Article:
A major upheaval of Fountain Avenue looms on the horizon, but exactly what this vital West Hollywood corridor will look in the future is anyone’s guess.
The underlying truth in Bette Davis’ famous quip — asked by Johnny Carson how an aspiring starlet could get to Hollywood, the actress replied “Take Fountain” — is that this notoriously narrow road was and remains to this day the fastest way to drive east or west through WeHo.
But it won’t be much longer, at least for drivers.
City Hall is already spending between $5 million and $10 million on a project that will re-invent Fountain Avenue, first and foremost by turning the four-lane road into a two-lane road with protected bike paths. That also means eliminating 150 of the coveted parking spots along the north side of the road. The second half of the project, set to begin in early 2025, includes the reconstruction of the sidewalks, reconfiguring utilities and evaluating how the changes have affected traffic flow and quality of life thus far. The cost of this phase could run as high as $35 million.
Since you won’t get to see the thick, professionally bound reports that City Hall has commissioned from their high-priced consultants for many months or years, if ever, WEHOville decided to get a jump on things by giving you a look at the state of the road and the sidewalks as they are today — and let me tell you, it ain’t pretty. I suggest you buckle up.
LA BREA TO FAIRFAX
Our journey began Thursday mid-day in the hinterlands of this fair realm, the intersection of Fountain and La Brea. For many WeHoans, Shalom Peace Square marks an unofficial border crossing between West Hollywood and not-West Hollywood, between the bourgeois bubble and the barbarian wastelands beyond.
That’s the “East of La Brea” joke, which is classist and condescending but based in reality. The East Side of WeHo is plagued by potholes, piecemeal repairs, shitty old buildings, bewildering signage, crumbling concrete, vagrancy, urban blight galore and the sad pallor of long-term neglect. But as you head west, you see improvement with each passing block. By the time you get to Fountain’s western terminus at La Cienega Boulevard, you may as well be in a different city. It’s shameful.
For this part of my investigation, I *walked* my bike on the sidewalks from La Brea to Fairfax, a 1-mile stretch that took about 20 minutes at an unhurried pace. I didn’t *ride* my bike because 1) y’all with your torches and pitchforks 2) Riding a bike on these sidewalks is at best a pain in the ass, and at many spots it’s impossible 3) I wanted the experience of a pedestrian who wasn’t empty-handed — a parent with a baby stroller, a dog walker, an unhoused dude with a grocery cart.
Note: I started off walking on the north sidewalk until I got to Plummer Park, when I remembered the north side of the street isn’t actually in West Hollywood. But WeHo’s sidewalk has the same problems as L.A.’s parallel section does:
- Utility poles poking right out the middle of the sidewalk.
- Road markings so confusing they may as well be encrypted.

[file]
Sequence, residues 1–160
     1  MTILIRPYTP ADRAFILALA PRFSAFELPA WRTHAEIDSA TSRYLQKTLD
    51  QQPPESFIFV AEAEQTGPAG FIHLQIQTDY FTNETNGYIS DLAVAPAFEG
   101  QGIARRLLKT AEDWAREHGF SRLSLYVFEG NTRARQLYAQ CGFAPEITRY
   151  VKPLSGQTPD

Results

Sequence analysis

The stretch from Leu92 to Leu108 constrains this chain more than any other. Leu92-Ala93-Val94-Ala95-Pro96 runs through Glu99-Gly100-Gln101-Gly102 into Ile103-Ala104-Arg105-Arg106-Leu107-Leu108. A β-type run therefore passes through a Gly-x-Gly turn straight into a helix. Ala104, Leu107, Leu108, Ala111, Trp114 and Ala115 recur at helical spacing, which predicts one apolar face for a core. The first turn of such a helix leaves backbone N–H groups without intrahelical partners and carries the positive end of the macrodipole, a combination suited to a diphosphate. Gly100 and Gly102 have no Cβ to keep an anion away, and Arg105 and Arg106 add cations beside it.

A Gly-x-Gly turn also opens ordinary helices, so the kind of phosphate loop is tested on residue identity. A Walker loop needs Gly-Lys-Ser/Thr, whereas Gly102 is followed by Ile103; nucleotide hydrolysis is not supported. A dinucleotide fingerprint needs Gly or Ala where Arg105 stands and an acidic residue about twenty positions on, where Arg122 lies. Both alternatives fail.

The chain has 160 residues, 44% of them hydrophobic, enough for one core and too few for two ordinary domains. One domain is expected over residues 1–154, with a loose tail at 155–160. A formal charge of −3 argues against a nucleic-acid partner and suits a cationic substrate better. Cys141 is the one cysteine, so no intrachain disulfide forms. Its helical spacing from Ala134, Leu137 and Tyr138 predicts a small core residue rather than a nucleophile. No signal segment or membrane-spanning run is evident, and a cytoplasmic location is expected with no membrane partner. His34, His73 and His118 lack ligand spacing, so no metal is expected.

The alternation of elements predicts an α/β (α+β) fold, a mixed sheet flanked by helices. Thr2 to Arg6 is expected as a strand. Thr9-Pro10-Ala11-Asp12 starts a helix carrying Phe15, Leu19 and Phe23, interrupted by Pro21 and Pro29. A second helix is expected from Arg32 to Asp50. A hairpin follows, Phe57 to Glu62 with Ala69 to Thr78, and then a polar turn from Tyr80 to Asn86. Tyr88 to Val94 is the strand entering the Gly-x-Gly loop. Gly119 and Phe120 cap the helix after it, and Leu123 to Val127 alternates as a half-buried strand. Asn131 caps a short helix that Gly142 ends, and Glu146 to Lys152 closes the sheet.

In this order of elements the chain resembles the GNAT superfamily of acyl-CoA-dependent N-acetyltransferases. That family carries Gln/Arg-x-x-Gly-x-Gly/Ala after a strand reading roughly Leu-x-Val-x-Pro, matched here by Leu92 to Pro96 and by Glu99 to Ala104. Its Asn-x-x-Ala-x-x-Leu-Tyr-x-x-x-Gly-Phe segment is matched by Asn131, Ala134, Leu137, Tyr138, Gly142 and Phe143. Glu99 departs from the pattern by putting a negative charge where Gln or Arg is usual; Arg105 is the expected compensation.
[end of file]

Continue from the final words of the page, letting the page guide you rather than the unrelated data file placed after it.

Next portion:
- Important parking signs placed in easy-to-miss spots.
- Sidewalks uprooted by beautiful shady trees that, sorry, are just too big now.
- Manic or unconscious homeless people
- Bird and Lime scooters improperly parked or willfully left in harm’s way
- A minefield of random obstacles: construction debris, tension cables, utility boxes, traffic cones, bollards, garbage and, not infrequently, steaming piles of shit.
There are many places on Fountain’s sidewalks that are borderline impassable for an able-bodied adult on foot. For someone in a wheelchair or on crutches, someone who was partially sighted or recovering from an illness, or a caregiver, or even someone only slightly klutzier than I am, this would be a nightmare.
It suddenly occurred to me how often I was tripping on ornamental grasses, ducking tree branches and squeezing past overgrown privacy hedges. Aren’t these code violations? Why is so much valuable space taken up by planter boxes and half-assed landscaping, fences, walls, unused private patios and unpaved dirt?
As a car driver, I’d seen bicycle icons painted on roads before but I didn’t know they had any real purpose and had no idea they were called “sharrows.” Did you? Sometimes they’re in the middle of the road, sometimes they’re on the edges. Like most of the signage on Fountain and elsewhere, there’s little uniformity. Some crosswalks have a button and warning lights, sometimes they don’t. Sometimes sidewalks have ramps, sometimes they’re just steep dropoffs. Sometimes little plastic sticks divide the road so drivers have to make a right turn, and sometimes they get run over.
Between La Brea and Fairfax, there were about 20 parked cars and 10 empty parking spots on the road’s north side at this time of day, when many people are away at work and parking restrictions are at their loosest. The south side had far fewer empty places to park, and certainly not enough to accommodate the cars if there were no northside parking spots.
Thursday is apparently a trash pickup day on Fountain, so blue bins added to the melee, and the Athens trucks were out in full force. I’m still not clear how the city expects them to operate with the bike lanes in place. Will the trucks stop in the middle of the (two-lane) road while they empty each bin, halting all traffic behind them?
Few other pedestrians were out and about during my journey. Passing by them required some planning and maneuvering and courtesy yielding.
On my entire trip, I saw only one other person with a bike on Fountain Avenue.